Ben came to live with us as a pet ... he wasn't meant to be a service dog. But my illness progressed and it became obvious that I was one of the people whose PTSD falls into the "chronic" category. I wasn't going to get better, and I needed to do whatever was necessary to get the most out of the life I've been given, limits and all. I considered acquiring a trained service dog, but I thought that before bringing another dog into the house, we should give Ben the opportunity to volunteer. We started boot camp in December, worked hard on his obedience and public access skills in pet-friendly places for the winter, and by spring, I knew that although I couldn't explain why, having Ben with me made things easier.
And so we began our heavy duty training: we went to West Edmonton Mall on a Saturday. And then I learned more about the standards and training of service dogs, and we worked to the BC public access test standards. And then Alberta got organized and sorted out a certification program, and now we'll be doing that.
And I know that I need Ben. He licks my hands and bunts at my arm if I am out of sorts, demands that I play Toss the Squeaky Monkey or Stuffed Sheep Battles Stuffed Bear at least once every day (which means at least once every day I laugh!), sits on my lap to provide deep pressure therapy (some alchemical magic whereby having a soothing weight on your lap makes your nervous system chill out), sleeps in the small of my back or on my legs and provides convincing proof that I'm awake (or that I'm not - when the Ben in my dreams isn't behaving normally, I often wake myself up, because it's a clue that I'm having a nightmare).
Somehow, having him with me all the time helps me hold my balance better.
Life with a service dog is different. There's a lot more planning and logistics to deal with, particularly if you travel: we are going to Ireland in December and the paperwork for flying with him out of the country is staggering. Hotels sometimes give you grief (we generally book at pet friendly places, or big chains that have 'service dogs are welcome' policies). People ask you for your ID - which our government hasn't even made available for people like me until this past fall (a printed business card with an explanation of psychiatric service dogs usually suffices). Restaurant managers and staff who aren't from around here frequently know the food service rules about 'no pets' but are often unaware of the exceptions for service animals (yet another place those business cards come in handy). People sometimes think you must be training dogs for an organization that places them with disabled people, because you don't look disabled (I have learned to smile and say "he works for me"). Small children shout "PUPPY!" when you walk by (I find this to be a bonus). You overhear conversations about "people with fake service dogs" (I have been known to say, "Some people want to take their dog with them everywhere. I have to take my dog with me everywhere."). You pre-emptively tell the hostess at the restaurant that he's a working dog. You learn to adopt an attitude of "well of course I belong here, he's invisible, we are just doing our thing" ... and have those business cards in easy reach for the inevitable questions about service dogs, and training, and PTSD. You get used to seeing most of the people who walk past you grinning at the cute dog.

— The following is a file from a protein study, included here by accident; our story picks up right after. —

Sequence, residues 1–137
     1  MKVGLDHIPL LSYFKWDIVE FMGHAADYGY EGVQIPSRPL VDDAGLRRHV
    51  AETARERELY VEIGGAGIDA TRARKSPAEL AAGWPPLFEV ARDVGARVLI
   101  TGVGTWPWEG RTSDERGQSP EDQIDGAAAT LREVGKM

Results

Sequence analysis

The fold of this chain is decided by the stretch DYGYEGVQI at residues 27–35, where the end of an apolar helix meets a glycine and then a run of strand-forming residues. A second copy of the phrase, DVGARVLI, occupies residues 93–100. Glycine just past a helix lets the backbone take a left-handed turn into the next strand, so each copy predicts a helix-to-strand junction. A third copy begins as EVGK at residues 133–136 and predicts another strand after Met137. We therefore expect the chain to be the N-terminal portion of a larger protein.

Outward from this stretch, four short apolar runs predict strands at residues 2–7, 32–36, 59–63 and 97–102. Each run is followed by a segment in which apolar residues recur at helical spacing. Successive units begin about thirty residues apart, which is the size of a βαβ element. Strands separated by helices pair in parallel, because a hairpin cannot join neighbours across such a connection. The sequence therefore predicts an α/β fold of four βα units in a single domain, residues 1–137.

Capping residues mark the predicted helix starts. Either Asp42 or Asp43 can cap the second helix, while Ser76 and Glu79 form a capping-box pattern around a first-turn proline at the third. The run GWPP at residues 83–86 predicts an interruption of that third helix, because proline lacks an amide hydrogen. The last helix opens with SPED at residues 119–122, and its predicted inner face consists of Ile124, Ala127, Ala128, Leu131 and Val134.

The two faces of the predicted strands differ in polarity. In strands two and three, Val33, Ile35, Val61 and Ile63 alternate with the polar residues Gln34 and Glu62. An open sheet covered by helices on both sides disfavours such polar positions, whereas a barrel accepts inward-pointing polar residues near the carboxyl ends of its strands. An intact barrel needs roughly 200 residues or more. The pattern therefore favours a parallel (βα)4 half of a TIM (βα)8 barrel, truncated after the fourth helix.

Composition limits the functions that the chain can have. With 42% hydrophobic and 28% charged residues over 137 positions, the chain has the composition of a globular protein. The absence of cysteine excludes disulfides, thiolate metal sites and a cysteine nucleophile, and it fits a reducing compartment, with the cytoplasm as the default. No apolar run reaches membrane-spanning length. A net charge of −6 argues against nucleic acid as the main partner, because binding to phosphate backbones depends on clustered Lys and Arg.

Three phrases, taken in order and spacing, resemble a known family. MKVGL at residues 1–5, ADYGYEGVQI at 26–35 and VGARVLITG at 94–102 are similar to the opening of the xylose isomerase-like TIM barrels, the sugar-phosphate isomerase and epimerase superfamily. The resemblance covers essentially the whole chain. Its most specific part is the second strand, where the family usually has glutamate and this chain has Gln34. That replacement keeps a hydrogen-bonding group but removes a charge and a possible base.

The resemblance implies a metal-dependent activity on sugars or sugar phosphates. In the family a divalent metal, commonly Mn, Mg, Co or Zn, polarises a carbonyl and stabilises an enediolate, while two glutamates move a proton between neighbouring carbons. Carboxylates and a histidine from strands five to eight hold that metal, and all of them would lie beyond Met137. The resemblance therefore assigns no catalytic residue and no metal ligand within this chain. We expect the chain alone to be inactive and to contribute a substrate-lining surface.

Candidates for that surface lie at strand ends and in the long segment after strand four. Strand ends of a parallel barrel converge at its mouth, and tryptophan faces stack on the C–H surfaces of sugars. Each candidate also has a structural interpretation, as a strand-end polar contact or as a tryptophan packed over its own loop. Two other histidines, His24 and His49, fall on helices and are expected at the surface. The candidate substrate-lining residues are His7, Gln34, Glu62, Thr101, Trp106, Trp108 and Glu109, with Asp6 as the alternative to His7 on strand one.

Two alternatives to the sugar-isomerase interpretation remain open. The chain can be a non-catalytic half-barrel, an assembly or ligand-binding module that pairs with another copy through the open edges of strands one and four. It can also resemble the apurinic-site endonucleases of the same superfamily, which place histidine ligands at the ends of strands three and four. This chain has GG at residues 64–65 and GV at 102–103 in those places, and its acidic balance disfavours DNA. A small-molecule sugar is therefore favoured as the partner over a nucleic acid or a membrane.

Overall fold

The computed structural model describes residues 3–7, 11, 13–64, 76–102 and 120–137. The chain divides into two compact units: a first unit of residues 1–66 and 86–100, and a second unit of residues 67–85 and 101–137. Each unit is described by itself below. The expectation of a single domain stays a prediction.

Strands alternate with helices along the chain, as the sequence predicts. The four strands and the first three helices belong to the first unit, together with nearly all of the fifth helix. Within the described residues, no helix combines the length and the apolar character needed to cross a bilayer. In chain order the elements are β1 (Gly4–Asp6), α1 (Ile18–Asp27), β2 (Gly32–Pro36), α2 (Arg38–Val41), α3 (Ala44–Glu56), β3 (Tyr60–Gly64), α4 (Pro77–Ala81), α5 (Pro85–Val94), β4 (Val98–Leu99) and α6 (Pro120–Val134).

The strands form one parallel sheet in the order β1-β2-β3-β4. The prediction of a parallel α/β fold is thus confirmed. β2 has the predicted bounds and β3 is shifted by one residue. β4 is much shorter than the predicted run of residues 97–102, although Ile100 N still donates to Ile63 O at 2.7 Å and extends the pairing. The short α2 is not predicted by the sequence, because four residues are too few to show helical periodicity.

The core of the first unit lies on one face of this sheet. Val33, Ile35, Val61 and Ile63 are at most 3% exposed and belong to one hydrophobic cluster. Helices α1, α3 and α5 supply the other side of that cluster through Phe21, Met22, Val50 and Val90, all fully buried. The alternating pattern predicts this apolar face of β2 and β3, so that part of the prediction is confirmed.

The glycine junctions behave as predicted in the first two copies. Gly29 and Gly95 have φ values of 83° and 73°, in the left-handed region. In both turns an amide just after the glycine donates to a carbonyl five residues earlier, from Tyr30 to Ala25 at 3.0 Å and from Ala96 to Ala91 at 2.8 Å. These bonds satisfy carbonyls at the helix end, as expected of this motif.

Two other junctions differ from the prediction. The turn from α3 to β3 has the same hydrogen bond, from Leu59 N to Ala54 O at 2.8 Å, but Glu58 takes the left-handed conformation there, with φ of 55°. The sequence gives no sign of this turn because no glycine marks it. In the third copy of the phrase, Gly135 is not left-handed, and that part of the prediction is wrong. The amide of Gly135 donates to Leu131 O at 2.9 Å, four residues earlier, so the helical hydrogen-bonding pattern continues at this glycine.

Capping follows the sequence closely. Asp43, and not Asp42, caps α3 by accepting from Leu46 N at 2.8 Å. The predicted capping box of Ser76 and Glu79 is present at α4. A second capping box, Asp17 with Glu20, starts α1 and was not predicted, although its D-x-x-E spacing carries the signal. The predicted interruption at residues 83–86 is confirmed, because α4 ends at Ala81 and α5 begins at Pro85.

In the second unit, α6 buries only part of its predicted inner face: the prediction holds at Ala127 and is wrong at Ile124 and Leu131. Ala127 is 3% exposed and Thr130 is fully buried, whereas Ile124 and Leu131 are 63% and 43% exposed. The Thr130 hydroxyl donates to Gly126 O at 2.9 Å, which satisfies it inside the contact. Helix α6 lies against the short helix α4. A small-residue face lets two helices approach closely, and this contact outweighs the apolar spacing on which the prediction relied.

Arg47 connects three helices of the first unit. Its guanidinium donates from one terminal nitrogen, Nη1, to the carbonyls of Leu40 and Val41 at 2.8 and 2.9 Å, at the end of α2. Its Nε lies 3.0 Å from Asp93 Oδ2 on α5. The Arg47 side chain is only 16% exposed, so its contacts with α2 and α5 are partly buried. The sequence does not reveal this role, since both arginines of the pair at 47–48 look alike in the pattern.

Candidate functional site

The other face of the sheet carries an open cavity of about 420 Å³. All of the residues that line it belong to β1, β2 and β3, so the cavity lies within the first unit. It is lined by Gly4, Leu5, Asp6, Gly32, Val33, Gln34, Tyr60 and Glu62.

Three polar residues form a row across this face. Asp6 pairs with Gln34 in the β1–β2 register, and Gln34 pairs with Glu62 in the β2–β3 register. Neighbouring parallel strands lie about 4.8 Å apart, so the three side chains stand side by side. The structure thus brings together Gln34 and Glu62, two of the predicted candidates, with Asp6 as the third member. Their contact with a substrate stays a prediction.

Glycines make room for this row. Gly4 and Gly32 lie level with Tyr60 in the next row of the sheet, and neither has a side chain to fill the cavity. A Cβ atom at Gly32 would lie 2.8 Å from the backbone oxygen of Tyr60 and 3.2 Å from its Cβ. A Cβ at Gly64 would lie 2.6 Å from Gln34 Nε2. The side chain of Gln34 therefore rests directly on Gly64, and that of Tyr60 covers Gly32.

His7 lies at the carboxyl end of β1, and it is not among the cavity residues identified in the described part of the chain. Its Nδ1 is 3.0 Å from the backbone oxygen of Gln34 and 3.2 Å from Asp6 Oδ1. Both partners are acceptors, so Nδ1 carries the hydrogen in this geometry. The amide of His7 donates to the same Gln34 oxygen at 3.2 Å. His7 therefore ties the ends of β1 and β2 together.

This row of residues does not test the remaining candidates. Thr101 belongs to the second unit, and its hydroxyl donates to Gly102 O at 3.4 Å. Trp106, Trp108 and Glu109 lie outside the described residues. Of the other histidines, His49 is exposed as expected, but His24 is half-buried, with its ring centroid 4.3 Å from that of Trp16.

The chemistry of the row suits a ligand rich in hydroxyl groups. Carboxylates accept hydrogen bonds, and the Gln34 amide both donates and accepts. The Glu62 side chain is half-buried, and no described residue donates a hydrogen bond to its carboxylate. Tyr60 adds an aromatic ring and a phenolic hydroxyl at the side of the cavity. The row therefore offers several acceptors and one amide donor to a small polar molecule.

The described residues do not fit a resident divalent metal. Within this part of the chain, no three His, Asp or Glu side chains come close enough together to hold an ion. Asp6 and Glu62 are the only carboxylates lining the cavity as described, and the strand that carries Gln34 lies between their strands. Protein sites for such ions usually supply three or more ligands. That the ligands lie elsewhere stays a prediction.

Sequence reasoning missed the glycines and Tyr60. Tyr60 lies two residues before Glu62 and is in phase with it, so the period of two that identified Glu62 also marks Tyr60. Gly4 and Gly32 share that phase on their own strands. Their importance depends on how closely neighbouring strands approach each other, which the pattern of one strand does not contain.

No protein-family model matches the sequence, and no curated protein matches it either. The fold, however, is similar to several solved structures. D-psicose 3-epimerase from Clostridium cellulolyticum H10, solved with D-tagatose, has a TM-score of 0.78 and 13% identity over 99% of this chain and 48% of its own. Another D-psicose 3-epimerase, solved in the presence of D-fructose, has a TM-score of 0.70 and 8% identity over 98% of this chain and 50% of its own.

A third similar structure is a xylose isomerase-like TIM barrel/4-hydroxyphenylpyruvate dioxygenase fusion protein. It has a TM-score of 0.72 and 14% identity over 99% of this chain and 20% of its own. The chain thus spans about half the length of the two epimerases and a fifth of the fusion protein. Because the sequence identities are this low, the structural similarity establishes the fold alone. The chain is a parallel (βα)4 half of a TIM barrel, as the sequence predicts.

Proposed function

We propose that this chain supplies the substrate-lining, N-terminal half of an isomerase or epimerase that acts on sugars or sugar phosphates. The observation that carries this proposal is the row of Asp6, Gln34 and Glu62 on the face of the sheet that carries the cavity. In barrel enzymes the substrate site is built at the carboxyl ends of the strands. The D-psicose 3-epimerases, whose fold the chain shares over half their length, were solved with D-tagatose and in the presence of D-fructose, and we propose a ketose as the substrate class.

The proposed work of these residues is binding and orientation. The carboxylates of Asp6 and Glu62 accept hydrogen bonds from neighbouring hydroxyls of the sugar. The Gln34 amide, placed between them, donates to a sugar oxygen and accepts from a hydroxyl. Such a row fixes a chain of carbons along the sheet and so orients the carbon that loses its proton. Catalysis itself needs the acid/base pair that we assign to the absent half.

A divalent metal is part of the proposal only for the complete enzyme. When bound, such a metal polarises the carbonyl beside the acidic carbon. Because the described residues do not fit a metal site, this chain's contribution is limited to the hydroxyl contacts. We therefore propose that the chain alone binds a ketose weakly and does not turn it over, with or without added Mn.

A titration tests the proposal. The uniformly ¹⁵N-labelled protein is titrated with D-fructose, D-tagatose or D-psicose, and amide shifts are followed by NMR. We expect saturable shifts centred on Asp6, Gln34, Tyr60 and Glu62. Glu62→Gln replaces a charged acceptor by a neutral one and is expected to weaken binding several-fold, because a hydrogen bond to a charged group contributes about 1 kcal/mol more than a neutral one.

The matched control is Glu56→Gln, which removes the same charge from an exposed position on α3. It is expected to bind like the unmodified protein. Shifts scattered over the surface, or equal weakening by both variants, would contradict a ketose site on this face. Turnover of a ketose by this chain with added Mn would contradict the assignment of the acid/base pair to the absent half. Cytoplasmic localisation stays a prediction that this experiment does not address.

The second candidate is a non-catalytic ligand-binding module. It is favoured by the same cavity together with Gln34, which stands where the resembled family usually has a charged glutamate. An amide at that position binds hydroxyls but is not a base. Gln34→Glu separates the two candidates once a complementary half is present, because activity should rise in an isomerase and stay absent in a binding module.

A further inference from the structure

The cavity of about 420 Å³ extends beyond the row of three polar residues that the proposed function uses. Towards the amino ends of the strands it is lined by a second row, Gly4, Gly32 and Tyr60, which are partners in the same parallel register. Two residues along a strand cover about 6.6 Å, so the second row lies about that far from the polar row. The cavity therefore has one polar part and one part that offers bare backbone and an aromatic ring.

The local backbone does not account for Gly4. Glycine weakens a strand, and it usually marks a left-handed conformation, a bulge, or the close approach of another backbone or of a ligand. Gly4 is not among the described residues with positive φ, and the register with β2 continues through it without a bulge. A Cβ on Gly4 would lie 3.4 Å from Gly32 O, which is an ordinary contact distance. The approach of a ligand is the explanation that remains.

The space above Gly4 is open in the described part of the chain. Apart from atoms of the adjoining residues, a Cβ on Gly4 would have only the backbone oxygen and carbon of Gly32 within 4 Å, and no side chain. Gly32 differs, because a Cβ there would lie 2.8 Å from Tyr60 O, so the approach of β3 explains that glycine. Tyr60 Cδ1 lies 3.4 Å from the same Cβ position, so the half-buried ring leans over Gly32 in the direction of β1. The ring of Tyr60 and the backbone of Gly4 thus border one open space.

You live with nose prints on the inside of the car windows, a dog bed in the passenger seat, paw prints on the console. You live with treats and wet wipes in your purse, business cards in all your pockets, and water bowls in your living room.
You try vest after vest and leash after leash to find the combination of gear that works for you both. You learn to hose off your dog's undercarriage in the shower after every summertime dip in the pond, or a winter run through the slush. You accept that there will be dog hair on everything, even your pillow.
Your family has to get used to the idea that you'll be looked at everywhere you go. It's kind of weird to have a family member who has always seemed to be okay deciding that now they need a dog with them in order to function ... but once they've seen the difference your dog makes, they'll never suggest leaving him at home again.
You have to accept that you are disabled, and that your dog mitigates that disability.
You don't have to explain the mystery of how, just accept that it is.
Ben makes my life better. I can't really tell you how or why, but he does.
Thanks for making us welcome.